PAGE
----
In a decision of this Court*fn3 involving the "Crosstown Expressway" project in Philadelphia, we have reviewed the developing case law in Pennsylvania on this subject and concluded on the issue of the sufficiency of a pleading in stating a cause of action: "We are concerned, however, with allegations which, if proven, suggest a course of action or conduct on the part of a government, clothed with the power of eminent domain, which may have deprived a property owner of real and material rights in and enjoyment of property ownership. If such be the case we believe the property in question has been injured within the meaning of the Eminent Domain Code. Therefore, we shall affirm the lower court order in dismissing the Commonwealth's preliminary objections. We believe that at least some of the allegations of the petition are sufficient to potentially establish compensable injury."
In the instant case the record discloses it was not until after the fire which destroyed the most valuable
[ 2 Pa. Commw. Page 676]
structure on the Hudock property and the refusal of the Authority to negotiate the purchase of the property at some pre-fire value that a de facto condemnation theory was advanced by the Hudocks.
In their original petition for the appointment of viewers pursuant to Section 502(e) of the Eminent Domain Code, supra, (footnote 1), the Hudocks allege compensable injury by reason of the approval of the "Downtown South Urban Renewal Area Project", the issuance of notices by the Authority to property owners that the Authority will purchase, and negotiations thereafter carried on between the Authority and the Hudocks (and other property owners). These acts and activities, it is asserted, have caused petitioners to be "locked into" their property and effectively denied them a market for their property. A further allegation that uncertainty as to when, if ever, the Authority would formally exercise its power of eminent domain was mooted by the Authority doing so several months later.
The approval and funding of an urban renewal or redevelopment project by governmental authority followed by notices to and negotiations with affected property owners, and acquisition by agreement of some parcels, are not in themselves sufficient to establish a substantial interference with one's use and enjoyment of his property as to amount to a de facto "taking" or compensable injury within the meaning of the Eminent Domain Code.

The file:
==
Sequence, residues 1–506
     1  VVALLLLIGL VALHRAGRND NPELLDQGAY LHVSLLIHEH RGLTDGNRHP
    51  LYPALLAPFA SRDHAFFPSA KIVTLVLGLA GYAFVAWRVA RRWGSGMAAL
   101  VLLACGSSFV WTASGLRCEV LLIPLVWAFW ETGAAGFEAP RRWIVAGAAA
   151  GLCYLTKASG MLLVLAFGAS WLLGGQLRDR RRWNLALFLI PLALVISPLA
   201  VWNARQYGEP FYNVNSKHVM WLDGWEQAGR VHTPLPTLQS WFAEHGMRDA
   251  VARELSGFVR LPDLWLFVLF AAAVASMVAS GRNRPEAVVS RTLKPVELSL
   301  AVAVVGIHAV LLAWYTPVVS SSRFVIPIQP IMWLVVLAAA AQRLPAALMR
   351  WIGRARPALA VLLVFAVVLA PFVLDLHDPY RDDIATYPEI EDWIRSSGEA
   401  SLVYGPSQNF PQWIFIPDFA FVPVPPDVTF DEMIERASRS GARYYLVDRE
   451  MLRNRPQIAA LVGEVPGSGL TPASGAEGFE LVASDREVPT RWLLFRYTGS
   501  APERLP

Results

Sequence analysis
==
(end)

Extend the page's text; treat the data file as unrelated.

Apart from extensive valuation testimony, much of the record made before the Board was proof of the above mentioned actions and activities by the Authority and other governmental bodies. Such actions and activities did not in themselves deny to petitioners a market for their property. While it is generally recognized that such actions and activities have an effect upon the fair market value of real estate, provision is
[ 2 Pa. Commw. Page 677]
made for such impact by Section 604 of the Eminent Domain Code, supra, (footnote 1) 26 P.S. § 1-604.
Although the record also discloses some testimony on behalf of the Hudocks that the foregoing action and activity by the Authority depressed rental values of the Hudock property, it was vague and generalized and apparently found by the Board not to be credible or sufficient to sustain a compensable injury in one's use and enjoyment of property for rental purposes. Our independent review of the record produces the same conclusion.
The order of the lower court is reversed and the award of the Board of View reinstated. Each party to pay his own costs.
Judge Manderino dissents.
Reversed and award of the Board of View reinstated.